1) The Canucks felt they deserved a better fate than a 4-3 overtime loss on Thursday night against Arizona. I'm not so sure. Yes, they carried the play for much of the final 40 minutes but they were always playing catch-up. And without a Jacob Markstrom stop on Derek Stepan on the doorstep with six minutes remaining and the Coyotes leading 3-2, the Canucks wouldn't have been in position to salvage the single point they collected. For days leading into the game the two main talking points surrounding the hockey club were being refreshed from a four-day layoff and doing the things needed to score goals. Instead of pouncing on their visitors, the Canucks quietly and cautiously dipped their toes into the hockey game and required 15:27 to register their first shot on goal in a dreadful first period. They did not impose their will in any way on one of the few teams below them in the Western Conference standings. Scoring three goals after getting shutout in back to back games represents a small measure of progress, but scoring three goals and losing again doesn't mean much in the big picture.


2) Sven Baertschi has authored one of the few good news stories on the Canucks in the past week. He opened the scoring in Ottawa last Wednesday night by battling for a puck in the blue paint on a power play. On Thursday against Arizona, he scored two of the Canucks three goals and now has three goals in his past four games. His first goal was a beautiful solo effort as he took a pass in full flight, skillfully maneuvered around Coyotes defenseman Jacob Chychrun and fired a puck past Darcy Kuemper to even the score at 1-1 less than a minute after Arizona had opened the scoring early in the second period. Baertschi's second of the night was a rebound with under five minutes to play in the third period. On the night, Baertschi tied for the team lead with six shots on goal in 19:41 of ice time. His past three games have seen him log more than 19 minutes of ice. He looks like he wants the puck and he's looked dangerous at times when he's had it. Understandably, it took Baertschi a few games to find his hands and his timing after returning from a serious concussion on December 29th in Calgary. He's up to six goals in 16 games on the season which is a 30-goal pace over a full 82-game schedule (obviously he won't come close to playing that many games this season). But his return from injury gives the Canucks another goal-scoring weapon and right now he's the only player in the line-up feeling it offensively.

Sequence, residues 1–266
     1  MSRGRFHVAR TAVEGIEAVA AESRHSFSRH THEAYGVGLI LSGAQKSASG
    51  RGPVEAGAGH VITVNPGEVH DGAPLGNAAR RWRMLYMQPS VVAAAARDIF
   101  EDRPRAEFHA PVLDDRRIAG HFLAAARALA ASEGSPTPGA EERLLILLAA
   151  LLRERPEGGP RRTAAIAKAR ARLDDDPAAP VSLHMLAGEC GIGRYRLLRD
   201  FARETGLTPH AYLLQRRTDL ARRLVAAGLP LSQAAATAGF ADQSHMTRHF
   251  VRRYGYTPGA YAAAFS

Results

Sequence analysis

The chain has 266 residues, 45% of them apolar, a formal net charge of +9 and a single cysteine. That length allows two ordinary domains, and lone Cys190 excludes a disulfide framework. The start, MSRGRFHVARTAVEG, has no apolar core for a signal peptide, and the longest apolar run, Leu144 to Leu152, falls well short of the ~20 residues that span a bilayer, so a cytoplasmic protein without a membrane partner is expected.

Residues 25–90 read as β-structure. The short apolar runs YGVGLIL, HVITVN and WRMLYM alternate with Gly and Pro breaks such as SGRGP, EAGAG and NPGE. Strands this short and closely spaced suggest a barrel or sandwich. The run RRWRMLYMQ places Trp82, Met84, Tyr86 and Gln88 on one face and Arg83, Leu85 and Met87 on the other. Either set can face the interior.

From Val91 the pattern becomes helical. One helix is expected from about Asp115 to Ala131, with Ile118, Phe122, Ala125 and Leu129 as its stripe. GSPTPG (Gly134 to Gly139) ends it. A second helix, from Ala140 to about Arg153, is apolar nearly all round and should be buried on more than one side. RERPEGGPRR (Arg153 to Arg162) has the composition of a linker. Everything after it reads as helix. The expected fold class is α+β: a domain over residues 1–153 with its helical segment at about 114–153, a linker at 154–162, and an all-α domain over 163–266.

3) The Canucks were uncharacteristically sloppy with the puck in the third period against the Coyotes. They are team that frequently struggles with defensive zone coverage, but they're not one that turns it over under pressure as often as they did against Arizona. Give the Coyotes credit for aggressive puck pursuit and dogged determination that seemed to force the Canucks into making plays they didn't want to make. On one such sequence, the Canucks had ample opportunities to clear the zone, but couldn't, before Brandon Sutter was forced into a tripping penalty -- just his second trip to the box this season. Later in the period, Adam Gaudette was hurried along the boards and was unable to clear the puck to neutral territory. The 'Yotes held the line, turned the puck back into Canucks territory and Alex Galchenyuk was able to find Conor Garland for the 3-2 goal. The Canucks will face much better competition than the Coyotes over the final three months of the season and sloppy play like they demonstrated on Thursday will surely come back to haunt them again -- unless they tidy up their play in their own zone.